Pere­grine watch

Bird­watch­ers agog as fal­con re­turns to nest on top of Sal­is­bury Cathe­dral

The Guardian - - News Coronaviru­s - Steven Mor­ris

The roller­coaster saga of the Sal­is­bury Cathe­dral pere­grine fal­cons is con­tin­u­ing this spring, with one bird pro­tect­ing an egg on a bal­cony of the build­ing but an­other miss­ing in ac­tion.

A fe­male that has been vis­it­ing the bal­cony reg­u­larly has laid one egg and can be viewed hunker­ing down on the nest via a cathe­dral we­b­cam.

But a GPS track­ing de­vice at­tached to a bird known as Sally that used to nest at the cathe­dral has stopped giv­ing out its sig­nal. It could be that the de­vice has stopped work­ing or that, sadly, Sally is no more.

The fe­male on the nest does not have an iden­tity ring, mean­ing it is not known if she is the same one that pro­duced four eggs last year. But Phil Shel­drake, species re­cov­ery of­fi­cer with the RSPB, said it was highly likely that it was the same bird.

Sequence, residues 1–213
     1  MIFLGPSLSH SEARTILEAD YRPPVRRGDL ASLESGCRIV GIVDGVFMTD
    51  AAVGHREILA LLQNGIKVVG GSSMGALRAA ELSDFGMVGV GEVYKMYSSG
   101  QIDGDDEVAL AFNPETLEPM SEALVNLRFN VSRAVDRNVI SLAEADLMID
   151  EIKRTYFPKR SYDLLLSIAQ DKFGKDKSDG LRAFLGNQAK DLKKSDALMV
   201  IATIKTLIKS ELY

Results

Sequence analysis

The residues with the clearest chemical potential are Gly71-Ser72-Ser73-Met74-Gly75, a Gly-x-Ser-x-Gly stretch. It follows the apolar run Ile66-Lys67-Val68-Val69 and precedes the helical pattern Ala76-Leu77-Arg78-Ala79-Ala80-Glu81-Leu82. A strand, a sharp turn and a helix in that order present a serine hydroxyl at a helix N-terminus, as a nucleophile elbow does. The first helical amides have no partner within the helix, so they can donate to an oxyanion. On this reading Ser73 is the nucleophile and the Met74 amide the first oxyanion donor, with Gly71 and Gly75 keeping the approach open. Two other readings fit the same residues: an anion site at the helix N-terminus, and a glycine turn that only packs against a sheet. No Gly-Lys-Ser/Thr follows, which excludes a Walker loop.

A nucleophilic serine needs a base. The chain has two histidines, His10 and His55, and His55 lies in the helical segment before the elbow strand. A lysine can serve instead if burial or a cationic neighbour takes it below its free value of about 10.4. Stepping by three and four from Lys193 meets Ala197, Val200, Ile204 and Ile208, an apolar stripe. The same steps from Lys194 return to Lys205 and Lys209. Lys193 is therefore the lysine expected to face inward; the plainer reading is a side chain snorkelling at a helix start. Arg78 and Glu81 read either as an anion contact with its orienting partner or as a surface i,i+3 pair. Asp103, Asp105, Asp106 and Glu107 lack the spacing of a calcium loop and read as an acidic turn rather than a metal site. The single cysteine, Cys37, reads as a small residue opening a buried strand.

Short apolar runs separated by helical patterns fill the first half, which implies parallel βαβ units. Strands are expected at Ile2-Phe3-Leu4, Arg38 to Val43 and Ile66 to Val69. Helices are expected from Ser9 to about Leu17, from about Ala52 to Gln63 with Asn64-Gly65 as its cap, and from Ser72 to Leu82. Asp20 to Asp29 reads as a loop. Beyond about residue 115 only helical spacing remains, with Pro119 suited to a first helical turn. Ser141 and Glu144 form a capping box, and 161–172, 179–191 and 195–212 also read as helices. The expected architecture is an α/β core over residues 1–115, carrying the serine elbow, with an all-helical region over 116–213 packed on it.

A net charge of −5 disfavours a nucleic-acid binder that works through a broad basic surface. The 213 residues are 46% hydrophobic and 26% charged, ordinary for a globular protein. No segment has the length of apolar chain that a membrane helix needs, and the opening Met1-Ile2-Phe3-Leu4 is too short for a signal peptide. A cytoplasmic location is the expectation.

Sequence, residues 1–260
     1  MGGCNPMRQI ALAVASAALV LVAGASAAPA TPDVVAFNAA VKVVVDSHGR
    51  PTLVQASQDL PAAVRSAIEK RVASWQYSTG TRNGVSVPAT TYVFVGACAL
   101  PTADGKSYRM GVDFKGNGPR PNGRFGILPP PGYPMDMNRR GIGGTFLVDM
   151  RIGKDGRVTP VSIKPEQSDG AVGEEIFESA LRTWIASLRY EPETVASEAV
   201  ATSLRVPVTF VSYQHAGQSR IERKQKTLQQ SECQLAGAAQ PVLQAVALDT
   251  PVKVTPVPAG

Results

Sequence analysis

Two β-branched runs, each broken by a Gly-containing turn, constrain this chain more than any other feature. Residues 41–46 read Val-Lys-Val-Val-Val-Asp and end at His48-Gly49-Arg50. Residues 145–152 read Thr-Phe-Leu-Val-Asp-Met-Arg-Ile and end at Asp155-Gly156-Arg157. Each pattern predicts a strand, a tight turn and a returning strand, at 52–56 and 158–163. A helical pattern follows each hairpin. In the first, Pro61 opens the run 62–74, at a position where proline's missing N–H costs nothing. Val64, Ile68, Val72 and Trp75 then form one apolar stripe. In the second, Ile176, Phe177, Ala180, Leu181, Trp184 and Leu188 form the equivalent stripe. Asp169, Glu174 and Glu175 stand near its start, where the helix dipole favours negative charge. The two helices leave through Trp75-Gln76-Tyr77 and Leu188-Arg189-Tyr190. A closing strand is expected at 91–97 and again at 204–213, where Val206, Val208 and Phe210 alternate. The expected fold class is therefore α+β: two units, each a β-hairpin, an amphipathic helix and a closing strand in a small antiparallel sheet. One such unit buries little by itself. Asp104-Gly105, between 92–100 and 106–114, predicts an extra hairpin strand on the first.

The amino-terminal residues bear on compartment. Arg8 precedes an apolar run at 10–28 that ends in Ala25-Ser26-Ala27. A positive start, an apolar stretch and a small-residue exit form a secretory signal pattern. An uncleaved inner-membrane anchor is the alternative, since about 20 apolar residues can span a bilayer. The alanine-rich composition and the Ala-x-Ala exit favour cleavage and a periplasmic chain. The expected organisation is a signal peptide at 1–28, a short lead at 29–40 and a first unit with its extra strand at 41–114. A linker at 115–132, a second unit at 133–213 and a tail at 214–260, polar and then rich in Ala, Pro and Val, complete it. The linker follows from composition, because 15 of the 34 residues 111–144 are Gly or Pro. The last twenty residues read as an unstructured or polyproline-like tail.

he said. “Sal­is­bury Cathe­dral sticks out like a sore thumb above the rolling coun­try­side. It’s like a five-star ho­tel for them.”

There are gen­er­ally three or four eggs in a clutch and in­cu­ba­tion does not start un­til the last egg is laid. Once that has hap­pened, the fe­male – and male – will sit on the nest at in­ter­vals to keep eggs warm. In­cu­ba­tion lasts 29-32 days, so if all goes well chicks should ap­pear in early May.

Mean­while, the tracker at­tached to Sally, who be­came a tele­vi­sion star af­ter fea­tur­ing on the BBC’s Spring­watch in 2017, last pin­pointed her on 3 Novem­ber 2019 above the vil­lage of Coombe Bis­sett, three miles from Sal­is­bury – but no sig­nal has been picked up since.

Shel­drake said: “She is pos­si­bly 10 now, and whilst the old­est pere­grine known was at least 24, the av­er­age life­span is around 10.”


A fe­male pere­grine pro­tect­ing her egg at Sal­is­bury Cathe­dral, which is ‘like a five-star ho­tel’ for fal­cons

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